/ Modified jan 29, 2018 9:27 a.m.

Refugee Resettlement Number Plunging in Arizona

The state is on track for an 87 percent decrease from two years ago.

RefugeeFest Video_Thumb The 4th annual Tucson World RefugeeFEST, 2012.
AZPM Staff

Arizona is on track to take in the lowest number of refugees in almost 40 years.

If the current rate continues, Arizona will only resettle 652 refugees in fiscal year 2018. It would be an 87 percent decrease from two years ago, and a 77 percent drop from last year.

The human impact gets lost in the numbers, said Stanford Prescott, community engagement coordinator for the International Rescue Committee in Phoenix.

“The reality is that we work with families everyday where they are unable to bring their parents,” Prescott said. “Or they are unable to bring their children. Or they are unable to bring their spouses. They’re unable to bring their brothers and their sisters to come here to the United States. And instead they are left in countries where they are in danger, where they are at risk.”

Jan. 27 marks one year since President Donald Trump issued his first travel ban, which eventually led to a months-long stoppage of most refugee admissions.

Shortly before the so-called pause ended, federal officials announced plans to let no more than 45,000 refugees into the country during fiscal year 2018. At the current pace, Stanford said the U.S. won’t reach half that number.

“We’re on track to get about 20,000 nationally,” he said.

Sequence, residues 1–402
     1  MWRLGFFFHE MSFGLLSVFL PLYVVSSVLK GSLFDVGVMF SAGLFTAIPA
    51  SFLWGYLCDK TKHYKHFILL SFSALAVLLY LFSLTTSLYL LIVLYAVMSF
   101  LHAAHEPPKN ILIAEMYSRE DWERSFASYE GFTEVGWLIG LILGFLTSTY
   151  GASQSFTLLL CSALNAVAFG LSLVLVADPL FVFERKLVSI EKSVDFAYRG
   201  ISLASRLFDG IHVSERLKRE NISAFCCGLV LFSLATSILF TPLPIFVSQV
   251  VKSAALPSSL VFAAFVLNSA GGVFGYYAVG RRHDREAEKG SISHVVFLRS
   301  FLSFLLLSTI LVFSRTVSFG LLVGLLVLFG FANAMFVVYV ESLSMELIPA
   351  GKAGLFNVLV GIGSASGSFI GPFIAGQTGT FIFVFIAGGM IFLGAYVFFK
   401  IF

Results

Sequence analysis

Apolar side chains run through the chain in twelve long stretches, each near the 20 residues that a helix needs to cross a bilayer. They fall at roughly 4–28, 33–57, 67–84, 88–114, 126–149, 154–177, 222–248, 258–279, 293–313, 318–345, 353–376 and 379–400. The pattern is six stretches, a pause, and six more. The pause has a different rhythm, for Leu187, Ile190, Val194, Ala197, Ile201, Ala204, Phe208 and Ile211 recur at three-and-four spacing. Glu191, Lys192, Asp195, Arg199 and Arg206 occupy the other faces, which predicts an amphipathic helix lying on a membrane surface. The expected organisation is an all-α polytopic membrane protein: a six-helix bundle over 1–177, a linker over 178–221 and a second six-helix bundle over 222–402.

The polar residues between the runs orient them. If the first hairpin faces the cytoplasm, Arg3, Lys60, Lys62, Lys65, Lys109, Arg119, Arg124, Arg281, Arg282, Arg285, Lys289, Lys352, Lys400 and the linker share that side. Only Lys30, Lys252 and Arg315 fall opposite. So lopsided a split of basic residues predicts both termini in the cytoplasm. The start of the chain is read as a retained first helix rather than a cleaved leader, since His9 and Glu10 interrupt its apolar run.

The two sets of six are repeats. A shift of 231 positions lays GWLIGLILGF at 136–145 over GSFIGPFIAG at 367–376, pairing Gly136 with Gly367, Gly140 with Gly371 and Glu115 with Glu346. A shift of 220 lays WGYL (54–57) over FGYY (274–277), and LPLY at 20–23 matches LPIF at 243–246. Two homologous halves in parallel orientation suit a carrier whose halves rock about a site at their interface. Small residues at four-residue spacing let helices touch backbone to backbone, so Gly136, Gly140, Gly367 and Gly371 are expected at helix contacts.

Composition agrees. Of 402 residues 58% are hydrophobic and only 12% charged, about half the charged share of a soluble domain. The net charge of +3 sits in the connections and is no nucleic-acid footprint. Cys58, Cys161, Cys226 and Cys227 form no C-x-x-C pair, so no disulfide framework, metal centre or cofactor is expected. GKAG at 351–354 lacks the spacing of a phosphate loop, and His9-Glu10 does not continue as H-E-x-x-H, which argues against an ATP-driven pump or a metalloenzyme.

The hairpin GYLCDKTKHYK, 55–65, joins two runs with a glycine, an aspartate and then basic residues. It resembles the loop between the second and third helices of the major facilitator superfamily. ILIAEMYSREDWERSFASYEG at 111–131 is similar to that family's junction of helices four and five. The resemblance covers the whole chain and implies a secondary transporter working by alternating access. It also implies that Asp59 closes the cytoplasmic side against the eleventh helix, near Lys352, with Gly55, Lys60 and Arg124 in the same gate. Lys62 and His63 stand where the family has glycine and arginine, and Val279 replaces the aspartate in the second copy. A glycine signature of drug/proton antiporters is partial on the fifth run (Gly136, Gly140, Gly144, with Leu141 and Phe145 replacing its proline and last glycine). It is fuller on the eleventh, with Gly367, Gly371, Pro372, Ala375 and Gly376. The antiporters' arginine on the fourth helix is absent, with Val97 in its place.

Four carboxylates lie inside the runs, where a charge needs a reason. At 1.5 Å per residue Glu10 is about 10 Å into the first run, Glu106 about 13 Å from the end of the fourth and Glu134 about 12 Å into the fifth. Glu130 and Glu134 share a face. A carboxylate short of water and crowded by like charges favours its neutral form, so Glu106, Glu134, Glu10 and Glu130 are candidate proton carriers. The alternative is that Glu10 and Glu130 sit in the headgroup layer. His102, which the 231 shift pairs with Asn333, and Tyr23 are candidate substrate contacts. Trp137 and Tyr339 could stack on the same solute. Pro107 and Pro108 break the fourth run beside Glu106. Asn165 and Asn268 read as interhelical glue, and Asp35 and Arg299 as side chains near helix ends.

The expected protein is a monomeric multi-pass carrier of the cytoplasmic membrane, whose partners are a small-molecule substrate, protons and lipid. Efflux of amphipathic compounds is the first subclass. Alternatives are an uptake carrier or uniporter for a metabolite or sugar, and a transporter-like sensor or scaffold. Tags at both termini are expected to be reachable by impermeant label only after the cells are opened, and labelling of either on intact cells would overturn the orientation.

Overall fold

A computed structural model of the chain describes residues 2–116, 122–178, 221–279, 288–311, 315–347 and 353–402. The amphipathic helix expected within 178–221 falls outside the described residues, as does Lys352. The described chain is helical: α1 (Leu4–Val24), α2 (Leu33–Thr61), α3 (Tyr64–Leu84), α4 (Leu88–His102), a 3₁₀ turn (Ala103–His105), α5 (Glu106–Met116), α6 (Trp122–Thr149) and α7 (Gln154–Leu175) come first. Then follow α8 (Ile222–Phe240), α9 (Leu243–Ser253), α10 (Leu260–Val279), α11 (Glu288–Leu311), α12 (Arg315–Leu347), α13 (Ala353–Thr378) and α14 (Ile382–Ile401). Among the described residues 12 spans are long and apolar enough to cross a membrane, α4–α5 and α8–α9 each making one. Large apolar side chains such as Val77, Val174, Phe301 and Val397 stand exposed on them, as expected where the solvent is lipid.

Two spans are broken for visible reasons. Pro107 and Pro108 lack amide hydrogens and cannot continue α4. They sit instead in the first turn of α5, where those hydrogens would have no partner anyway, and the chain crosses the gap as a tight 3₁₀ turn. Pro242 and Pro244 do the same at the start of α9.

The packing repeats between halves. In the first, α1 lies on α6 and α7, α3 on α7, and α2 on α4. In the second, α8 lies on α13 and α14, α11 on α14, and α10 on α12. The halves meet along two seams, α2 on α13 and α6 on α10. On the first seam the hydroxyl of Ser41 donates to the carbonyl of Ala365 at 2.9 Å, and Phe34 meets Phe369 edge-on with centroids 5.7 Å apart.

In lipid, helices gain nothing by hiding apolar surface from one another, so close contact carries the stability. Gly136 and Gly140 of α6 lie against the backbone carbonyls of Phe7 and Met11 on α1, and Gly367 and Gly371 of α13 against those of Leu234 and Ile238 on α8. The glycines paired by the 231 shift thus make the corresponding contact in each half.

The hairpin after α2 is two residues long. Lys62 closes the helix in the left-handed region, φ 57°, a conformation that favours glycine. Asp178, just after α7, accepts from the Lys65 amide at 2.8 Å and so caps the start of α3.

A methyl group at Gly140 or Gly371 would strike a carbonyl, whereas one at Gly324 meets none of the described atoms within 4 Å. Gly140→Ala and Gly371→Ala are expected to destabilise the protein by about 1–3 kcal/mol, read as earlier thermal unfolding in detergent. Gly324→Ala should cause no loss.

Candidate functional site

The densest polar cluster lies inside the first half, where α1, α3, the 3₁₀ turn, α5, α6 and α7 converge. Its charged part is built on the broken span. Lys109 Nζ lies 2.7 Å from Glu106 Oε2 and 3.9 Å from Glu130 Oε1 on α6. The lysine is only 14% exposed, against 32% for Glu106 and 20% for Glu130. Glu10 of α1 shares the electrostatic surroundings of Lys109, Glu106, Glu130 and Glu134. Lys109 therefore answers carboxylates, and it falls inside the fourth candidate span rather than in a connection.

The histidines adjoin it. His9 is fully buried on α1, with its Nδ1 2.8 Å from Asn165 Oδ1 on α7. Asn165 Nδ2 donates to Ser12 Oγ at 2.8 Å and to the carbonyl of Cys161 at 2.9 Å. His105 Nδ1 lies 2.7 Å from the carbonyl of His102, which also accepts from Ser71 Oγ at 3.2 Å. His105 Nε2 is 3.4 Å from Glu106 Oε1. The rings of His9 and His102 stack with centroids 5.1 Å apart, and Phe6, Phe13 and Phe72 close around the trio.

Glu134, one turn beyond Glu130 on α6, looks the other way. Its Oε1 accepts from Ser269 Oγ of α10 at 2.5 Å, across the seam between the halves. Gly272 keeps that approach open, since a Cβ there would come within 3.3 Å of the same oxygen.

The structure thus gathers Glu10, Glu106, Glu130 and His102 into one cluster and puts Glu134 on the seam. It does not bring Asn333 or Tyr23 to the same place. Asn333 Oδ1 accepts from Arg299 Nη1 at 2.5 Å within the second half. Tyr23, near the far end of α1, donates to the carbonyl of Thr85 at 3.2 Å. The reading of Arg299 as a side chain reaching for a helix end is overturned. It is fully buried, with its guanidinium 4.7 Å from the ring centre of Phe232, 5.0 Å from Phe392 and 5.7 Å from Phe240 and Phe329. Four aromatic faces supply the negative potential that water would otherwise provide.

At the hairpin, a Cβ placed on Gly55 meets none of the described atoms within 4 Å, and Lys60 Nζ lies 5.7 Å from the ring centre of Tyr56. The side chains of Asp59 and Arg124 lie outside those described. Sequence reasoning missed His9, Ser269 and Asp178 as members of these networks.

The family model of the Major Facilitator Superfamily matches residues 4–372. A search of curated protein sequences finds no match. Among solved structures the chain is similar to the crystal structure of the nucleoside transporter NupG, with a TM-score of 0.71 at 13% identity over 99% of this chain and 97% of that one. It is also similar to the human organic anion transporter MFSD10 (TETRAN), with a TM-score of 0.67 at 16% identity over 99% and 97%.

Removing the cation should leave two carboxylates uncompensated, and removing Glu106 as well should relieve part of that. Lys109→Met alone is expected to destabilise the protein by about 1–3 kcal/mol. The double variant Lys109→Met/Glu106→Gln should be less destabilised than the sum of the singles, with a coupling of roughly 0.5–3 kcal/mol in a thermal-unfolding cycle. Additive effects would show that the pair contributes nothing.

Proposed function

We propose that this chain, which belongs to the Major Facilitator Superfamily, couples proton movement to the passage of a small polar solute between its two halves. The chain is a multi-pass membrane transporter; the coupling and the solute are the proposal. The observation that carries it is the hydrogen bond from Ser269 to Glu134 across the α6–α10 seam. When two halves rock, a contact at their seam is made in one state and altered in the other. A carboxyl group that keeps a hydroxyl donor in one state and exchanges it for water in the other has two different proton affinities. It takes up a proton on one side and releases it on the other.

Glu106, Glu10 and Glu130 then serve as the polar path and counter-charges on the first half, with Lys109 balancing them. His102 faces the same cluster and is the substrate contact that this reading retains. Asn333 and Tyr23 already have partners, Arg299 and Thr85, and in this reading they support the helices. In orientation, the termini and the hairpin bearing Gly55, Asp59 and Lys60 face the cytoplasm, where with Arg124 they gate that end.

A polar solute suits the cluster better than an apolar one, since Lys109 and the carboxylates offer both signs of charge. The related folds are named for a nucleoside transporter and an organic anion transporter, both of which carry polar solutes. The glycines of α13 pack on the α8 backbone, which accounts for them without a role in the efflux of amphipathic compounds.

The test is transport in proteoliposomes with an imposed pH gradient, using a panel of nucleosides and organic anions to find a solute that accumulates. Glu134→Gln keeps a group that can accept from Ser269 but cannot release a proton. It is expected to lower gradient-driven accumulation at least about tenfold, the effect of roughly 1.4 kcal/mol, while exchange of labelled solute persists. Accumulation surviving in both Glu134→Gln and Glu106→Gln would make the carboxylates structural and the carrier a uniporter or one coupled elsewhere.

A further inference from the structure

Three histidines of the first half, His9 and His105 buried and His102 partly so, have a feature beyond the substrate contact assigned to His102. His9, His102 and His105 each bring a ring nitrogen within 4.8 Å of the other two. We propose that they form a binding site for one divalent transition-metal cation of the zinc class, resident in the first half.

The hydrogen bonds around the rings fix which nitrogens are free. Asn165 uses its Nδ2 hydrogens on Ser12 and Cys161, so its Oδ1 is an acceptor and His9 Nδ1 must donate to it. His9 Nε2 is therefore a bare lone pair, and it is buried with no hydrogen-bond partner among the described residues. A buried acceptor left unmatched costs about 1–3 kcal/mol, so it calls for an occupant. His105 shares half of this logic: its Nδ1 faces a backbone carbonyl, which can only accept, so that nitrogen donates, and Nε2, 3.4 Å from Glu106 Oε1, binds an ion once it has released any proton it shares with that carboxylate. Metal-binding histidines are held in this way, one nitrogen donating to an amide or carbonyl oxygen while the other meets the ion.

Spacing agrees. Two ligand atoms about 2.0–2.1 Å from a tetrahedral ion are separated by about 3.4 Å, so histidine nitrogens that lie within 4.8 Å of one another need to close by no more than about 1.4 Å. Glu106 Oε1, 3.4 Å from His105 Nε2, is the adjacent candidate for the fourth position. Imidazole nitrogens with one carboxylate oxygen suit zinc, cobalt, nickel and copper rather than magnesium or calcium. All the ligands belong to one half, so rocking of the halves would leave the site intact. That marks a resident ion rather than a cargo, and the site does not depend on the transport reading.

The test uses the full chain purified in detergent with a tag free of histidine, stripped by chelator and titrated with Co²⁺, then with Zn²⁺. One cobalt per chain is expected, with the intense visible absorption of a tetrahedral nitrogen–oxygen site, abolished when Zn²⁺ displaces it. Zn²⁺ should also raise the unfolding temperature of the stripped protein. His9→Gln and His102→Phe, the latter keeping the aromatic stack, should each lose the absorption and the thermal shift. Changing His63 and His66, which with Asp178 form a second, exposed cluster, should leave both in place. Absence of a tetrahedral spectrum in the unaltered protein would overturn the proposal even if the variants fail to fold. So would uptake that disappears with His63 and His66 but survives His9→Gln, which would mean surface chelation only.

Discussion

Fronteras Desk
This story is from the Fronteras Desk, a collaboration of Southwestern public radio stations, including NPR 89.1. Read more from the Fronteras Desk.
By posting comments, you agree to our
AZPM encourages comments, but comments that contain profanity, unrelated information, threats, libel, defamatory statements, obscenities, pornography or that violate the law are not allowed. Comments that promote commercial products or services are not allowed. Comments in violation of this policy will be removed. Continued posting of comments that violate this policy will result in the commenter being banned from the site.

By submitting your comments, you hereby give AZPM the right to post your comments and potentially use them in any other form of media operated by this institution.
Arizona Public Media is a service of the University of Arizona and our broadcast stations are licensed to the Arizona Board of Regents who hold the trademarks for Arizona Public Media and AZPM. We respectfully acknowledge the University of Arizona is on the land and territories of Indigenous peoples.
The University of Arizona